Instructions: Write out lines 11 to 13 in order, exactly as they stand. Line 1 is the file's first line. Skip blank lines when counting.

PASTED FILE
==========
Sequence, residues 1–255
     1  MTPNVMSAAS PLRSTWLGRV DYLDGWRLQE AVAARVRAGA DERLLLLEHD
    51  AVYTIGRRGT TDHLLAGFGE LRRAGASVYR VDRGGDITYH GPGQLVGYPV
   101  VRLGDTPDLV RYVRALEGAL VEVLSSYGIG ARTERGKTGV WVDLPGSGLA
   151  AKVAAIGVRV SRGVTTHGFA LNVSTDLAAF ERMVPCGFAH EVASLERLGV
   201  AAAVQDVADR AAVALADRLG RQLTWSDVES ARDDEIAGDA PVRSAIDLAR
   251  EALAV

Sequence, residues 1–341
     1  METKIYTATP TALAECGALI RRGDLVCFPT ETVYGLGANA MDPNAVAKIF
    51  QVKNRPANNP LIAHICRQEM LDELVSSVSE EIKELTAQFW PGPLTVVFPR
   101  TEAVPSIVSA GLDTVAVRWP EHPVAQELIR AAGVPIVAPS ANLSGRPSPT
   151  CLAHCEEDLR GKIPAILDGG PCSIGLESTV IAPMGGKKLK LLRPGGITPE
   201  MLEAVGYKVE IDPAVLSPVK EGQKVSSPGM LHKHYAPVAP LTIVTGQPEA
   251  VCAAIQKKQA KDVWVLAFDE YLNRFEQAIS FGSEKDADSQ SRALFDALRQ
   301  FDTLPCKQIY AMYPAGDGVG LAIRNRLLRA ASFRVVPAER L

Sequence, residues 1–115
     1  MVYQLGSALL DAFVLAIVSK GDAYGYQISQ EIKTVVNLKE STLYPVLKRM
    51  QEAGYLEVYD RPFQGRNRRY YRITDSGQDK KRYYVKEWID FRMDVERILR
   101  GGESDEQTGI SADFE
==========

   101  TEAVPSIVSA GLDTVAVRWP EHPVAQELIR AAGVPIVAPS ANLSGRPSPT
   151  CLAHCEEDLR GKIPAILDGG PCSIGLESTV IAPMGGKKLK LLRPGGITPE
   201  MLEAVGYKVE IDPAVLSPVK EGQKVSSPGM LHKHYAPVAP LTIVTGQPEA